Across the globe, schools are gearing up for a new academic year. As the COVID-19 outbreak continues, many are planning to deliver instruction with virtual learning systems to keep staff, students, and their families safe.
Whether your school is implementing a full or part-time virtual system, this back-to-school season is guaranteed to be more plugged-in than ever before. As a teacher, you may be finding this presents a new challenge—unlike the shift to remote teaching earlier this year, you will now have to build relationships with students you may have never met before.
However, while connecting with new students virtually may take more thought and planning, these six strategies can help you reach your students in meaningful ways and make your time together memorable.
1. Meet Your Students Where They Are
A troubling reality that COVID-19 laid bare, in both the U.S. and around the world, is the staggering inequality in access to the internet and computers. This means that not all of your students will necessarily be able to communicate with you in the same way.
As early as you can, try finding the best way to reach each student and parent or guardian (email, social media, calling/texting, etc.), and keep the information in a notebook or spreadsheet for reference. This can be a key first step in fostering teacher-student interaction—as well as parent or guardian involvement—since you’ll be connecting with them in the spaces they already occupy.
2. Introduce Yourself, with a Twist
A great way to help students feel more comfortable with opening up to you is by opening up to them first. When students get to know you better, they can relate to you and will be more likely to follow your lead in sharing.
Try introducing yourself to your class with a slideshow or short video that shows your personality. You can add fun photos, show off your pets, demonstrate your favorite hobbies—whatever you feel shows you. You can even follow up with a quiz game to see how many fun facts they remember!
3. Interview Your Students
Your students may be shy to talk about themselves unprompted, so try creating an interview-style questionnaire to get them started. Invite your students to tell you about their favorite music, movies, books, hobbies, sports, if they have any pets, what their families are like, and so on.
To make sure they have relevant questions, you can give them a range of options and suggest they pick five to answer. They can even choose to submit their answers in written or video form, which is a great opportunity for your students to practice their digital communication skills before they get started on more serious assignments.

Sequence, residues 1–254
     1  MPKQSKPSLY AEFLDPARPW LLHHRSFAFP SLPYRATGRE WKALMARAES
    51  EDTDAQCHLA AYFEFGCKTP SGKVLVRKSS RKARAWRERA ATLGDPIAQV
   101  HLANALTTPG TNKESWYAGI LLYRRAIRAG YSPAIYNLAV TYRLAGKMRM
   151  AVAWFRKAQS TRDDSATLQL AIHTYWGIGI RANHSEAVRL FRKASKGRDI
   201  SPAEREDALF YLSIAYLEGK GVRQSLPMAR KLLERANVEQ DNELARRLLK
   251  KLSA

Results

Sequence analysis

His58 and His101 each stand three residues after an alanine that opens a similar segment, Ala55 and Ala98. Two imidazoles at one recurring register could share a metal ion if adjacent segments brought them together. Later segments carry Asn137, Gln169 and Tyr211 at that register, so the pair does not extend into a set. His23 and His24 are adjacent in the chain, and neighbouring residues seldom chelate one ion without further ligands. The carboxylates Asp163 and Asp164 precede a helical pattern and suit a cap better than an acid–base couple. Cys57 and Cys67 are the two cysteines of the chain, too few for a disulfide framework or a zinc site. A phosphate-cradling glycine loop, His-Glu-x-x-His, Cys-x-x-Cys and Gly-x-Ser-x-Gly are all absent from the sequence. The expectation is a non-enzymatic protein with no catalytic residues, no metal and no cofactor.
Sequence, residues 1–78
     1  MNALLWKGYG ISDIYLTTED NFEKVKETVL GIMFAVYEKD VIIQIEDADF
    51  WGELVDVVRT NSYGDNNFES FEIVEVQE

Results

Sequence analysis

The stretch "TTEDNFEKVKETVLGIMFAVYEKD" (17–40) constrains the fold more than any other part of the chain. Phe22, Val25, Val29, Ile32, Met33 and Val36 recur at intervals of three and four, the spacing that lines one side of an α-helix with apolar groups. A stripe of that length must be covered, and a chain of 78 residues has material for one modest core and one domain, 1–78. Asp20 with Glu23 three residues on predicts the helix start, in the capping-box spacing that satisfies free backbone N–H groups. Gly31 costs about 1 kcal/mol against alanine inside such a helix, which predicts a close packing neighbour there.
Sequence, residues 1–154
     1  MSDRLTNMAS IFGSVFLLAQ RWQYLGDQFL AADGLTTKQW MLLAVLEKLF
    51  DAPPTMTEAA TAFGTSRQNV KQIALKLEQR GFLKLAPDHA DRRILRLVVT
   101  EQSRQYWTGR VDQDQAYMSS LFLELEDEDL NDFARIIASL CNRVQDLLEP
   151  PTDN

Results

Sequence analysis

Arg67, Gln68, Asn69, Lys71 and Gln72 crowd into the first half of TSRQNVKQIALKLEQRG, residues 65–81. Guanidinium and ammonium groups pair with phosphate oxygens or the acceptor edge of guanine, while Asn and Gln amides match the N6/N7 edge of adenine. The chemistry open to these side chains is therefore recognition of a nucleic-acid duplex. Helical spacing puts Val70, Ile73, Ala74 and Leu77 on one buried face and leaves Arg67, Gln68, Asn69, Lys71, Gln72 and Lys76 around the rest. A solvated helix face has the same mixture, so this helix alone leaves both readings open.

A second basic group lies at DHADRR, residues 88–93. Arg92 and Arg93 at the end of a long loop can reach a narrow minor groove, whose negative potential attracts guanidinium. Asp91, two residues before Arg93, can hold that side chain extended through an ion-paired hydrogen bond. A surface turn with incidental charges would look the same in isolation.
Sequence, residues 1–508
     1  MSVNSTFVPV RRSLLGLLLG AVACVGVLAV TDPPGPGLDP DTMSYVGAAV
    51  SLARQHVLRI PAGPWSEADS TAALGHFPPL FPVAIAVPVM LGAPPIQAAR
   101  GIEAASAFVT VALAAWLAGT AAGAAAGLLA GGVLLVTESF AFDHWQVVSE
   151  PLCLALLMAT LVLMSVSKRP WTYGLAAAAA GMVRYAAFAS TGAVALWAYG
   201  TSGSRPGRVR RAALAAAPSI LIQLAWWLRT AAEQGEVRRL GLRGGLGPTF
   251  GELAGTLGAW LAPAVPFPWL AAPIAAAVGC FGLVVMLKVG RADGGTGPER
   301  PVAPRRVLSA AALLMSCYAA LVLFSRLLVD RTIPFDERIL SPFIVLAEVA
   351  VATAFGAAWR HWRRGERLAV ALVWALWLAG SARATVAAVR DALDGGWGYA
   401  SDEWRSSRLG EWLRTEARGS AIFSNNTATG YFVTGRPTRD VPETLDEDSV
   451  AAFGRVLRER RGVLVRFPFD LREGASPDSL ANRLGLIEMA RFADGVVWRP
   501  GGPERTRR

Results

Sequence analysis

4. Use Video Whenever Possible
While writing is certainly a wonderful way of communicating, teaching with video will help you make more of a personal connection. You feel more real and approachable when students can see your face and hear your voice.
Younger students, English-language learners, and those who struggle with reading comprehension may also find video more accessible and easier to understand. If you have time, try posting your content in both written and video form, even if one is shorter, such as a brief video recap or a bulleted list. This way, your students can connect in whichever way works for their learning style.
Lastly, with this advice in mind, be sure that your learning environment is inclusive, adjusting as needed for those students with visual, hearing, or other impairments.
5. Bring Back Show-and-Tell
One of the most meaningful things a teacher—or any adult—can do for a student is take their interests seriously. You can incorporate this idea into distance learning by creating a show-and-tell space in your online classroom hub.
Students can share about projects they’re working on, art they’ve made, fun activities they’ve taken part in, skills they’re learning—whatever they’re excited to talk about. They can send in photos, art, video, write-ups, and you can set aside a few minutes of class for students to present them if they wish.
If your students prefer, they could just share with you, or if they want to share with the class, you can post their submissions to your online class space. This not only encourages student participation; it also helps students connect with each other!
6. Focus on Fun
With so many other things to worry about this year, you might feel like bringing fun into your virtual classroom should be low on your list of priorities. However, when students have fun, they feel less anxious and more emotionally safe—this helps them come out of their shells to actively participate, empowering them to learn more effectively.
There are infinite ways to make your time with students more fun, including turning assessments into game-show style quizzes, inviting students to dress up for themed days, or using active viewing strategies to watch BrainPOP movies together.
Let your students know you’re open to their ideas, too—after all, kids are the real fun experts!
Whether in-person or online, teaching is all about the human element. With a little extra thought and personal flair, you can create meaningful connections with your students no matter how much distance is between you.